Hopkins Hospital sites evacuated after possible tuberculosis exposure

By EMILY MCDONALD | July 5, 2018

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COURTESY OF MORGAN OME Officials reported that the frozen sample of tuberculosis from the dropped tube did not pose a risk to the medical campus.

The Baltimore Fire Department evacuated Cancer Research Building 1 and Cancer Research Building 2 at the Johns Hopkins Hospital on Thursday afternoon after a sample of tuberculosis was accidentally released on the covered bridge between the two buildings. 

Tuberculosis, an airborne infectious disease, typically attacks the lungs and can be fatal if left untreated. According to the Center for Disease Control and Prevention, symptoms of tuberculosis include coughing, chest pain, fatigue, fever and loss of appetite.

The University notified the student body of the incident via email, asking students to refrain from travelling in the area until further notice due to a “potential biohazard situation.” The email explained that the area had been secured and that Baltimore Fire Department Personnel were onsite. 

WBAL reported that officials at the hospital immediately shut off the heating, ventilation, and air conditioning systems and sent a text message to employees, informing them of the situation.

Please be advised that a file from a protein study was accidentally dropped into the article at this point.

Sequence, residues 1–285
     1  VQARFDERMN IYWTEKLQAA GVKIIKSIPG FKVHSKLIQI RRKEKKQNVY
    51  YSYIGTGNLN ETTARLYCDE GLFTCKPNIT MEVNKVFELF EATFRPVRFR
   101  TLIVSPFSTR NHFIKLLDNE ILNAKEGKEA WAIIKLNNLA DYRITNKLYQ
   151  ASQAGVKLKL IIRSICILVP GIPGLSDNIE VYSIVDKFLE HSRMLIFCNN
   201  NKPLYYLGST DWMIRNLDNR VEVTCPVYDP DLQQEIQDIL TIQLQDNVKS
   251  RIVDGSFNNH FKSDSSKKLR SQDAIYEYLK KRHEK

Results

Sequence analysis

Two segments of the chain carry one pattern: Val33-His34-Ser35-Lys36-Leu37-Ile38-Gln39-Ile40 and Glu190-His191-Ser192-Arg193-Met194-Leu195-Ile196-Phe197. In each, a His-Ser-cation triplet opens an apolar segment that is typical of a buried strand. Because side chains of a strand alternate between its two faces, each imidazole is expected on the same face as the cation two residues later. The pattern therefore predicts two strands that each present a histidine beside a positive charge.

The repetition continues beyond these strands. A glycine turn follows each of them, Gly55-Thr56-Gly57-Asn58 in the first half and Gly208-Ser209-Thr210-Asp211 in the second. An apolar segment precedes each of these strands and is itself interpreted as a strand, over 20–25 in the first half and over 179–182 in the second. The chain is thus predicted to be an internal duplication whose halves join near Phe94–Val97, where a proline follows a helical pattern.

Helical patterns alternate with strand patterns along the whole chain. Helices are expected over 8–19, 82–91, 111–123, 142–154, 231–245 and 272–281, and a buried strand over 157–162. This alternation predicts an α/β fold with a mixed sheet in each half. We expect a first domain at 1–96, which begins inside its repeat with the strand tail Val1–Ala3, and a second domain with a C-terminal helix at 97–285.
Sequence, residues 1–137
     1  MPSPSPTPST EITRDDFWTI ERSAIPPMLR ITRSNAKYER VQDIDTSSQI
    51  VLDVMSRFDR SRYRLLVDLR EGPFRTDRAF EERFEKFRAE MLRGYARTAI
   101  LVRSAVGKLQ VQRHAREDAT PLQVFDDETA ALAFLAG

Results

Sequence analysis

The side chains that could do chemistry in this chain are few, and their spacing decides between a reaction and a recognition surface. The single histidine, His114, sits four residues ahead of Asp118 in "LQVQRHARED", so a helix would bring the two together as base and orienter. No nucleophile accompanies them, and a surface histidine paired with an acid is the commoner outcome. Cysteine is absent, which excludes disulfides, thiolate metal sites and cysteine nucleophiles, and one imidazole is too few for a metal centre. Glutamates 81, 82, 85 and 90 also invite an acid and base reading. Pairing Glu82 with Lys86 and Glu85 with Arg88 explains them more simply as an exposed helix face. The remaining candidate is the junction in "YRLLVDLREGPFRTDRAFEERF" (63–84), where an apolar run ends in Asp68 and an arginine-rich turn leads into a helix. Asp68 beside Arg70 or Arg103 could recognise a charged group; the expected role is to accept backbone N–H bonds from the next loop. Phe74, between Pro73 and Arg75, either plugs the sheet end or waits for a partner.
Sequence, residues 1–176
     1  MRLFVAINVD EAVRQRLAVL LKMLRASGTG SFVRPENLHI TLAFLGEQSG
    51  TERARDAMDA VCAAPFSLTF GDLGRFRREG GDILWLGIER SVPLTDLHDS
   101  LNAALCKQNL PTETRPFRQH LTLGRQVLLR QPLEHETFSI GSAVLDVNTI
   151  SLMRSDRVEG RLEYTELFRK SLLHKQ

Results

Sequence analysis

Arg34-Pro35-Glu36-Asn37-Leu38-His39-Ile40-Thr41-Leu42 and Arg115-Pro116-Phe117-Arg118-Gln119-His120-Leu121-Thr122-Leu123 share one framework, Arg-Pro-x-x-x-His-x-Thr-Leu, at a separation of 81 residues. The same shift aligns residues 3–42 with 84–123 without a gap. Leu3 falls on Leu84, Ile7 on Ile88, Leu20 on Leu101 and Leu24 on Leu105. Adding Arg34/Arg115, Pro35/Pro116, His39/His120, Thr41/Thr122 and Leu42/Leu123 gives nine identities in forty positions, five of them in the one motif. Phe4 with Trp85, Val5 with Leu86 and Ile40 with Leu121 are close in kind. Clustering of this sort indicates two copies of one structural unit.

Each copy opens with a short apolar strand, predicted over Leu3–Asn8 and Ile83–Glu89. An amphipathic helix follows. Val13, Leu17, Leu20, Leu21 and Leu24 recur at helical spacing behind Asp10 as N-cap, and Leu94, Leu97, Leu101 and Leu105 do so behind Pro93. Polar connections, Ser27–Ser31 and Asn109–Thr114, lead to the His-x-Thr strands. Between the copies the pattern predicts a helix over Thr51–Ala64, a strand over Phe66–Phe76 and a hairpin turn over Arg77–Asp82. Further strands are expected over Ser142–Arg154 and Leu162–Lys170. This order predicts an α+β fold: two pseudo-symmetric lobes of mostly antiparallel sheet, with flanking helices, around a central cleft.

Kim Hoppe, director of public relations and corporate communications at Johns Hopkins Medicine, released a statement addressing the situation. According to WBAL, she said that a small sample of frozen tuberculosis was released in an area of the hospital that does not house patients. The two buildings that were evacuated are not connected to the main hospital. 

Hospital officials believe that although there were employees in the area at the time, no one was exposed to the bacterial disease. An updated statement reported that there was no risk to anyone on the medical campus.

Hoppe explained that although the Baltimore Fire Department responded to the incident with hazmat protocols, the sample of tuberculosis did not pose a risk to people at the scene.

“The Baltimore City Fire and Rescue unit initiated hazmat protocols and, out of an abundance of caution, both research buildings were evacuated,” she wrote in an email to The News-Letter. “Public safety officials, as well as infectious disease experts, have now cleared the buildings, and the evacuation has been lifted. We have confirmed that there was no risk to anyone on campus.” 

Hoppe commended officials for their response to the situation.

“We want to thank our employees for their quick response to the situation as well as the Baltimore City Fire Department,” she wrote.

Landon King, executive vice dean of the School of Medicine, also addressed the incident in The Baltimore Sun. King explained that the sample of tuberculosis consisted of only a few drops and did not pose a risk to those involved. 

No one has been treated for tuberculosis since the incident, according to The Sun, and both buildings have since been reopened. 

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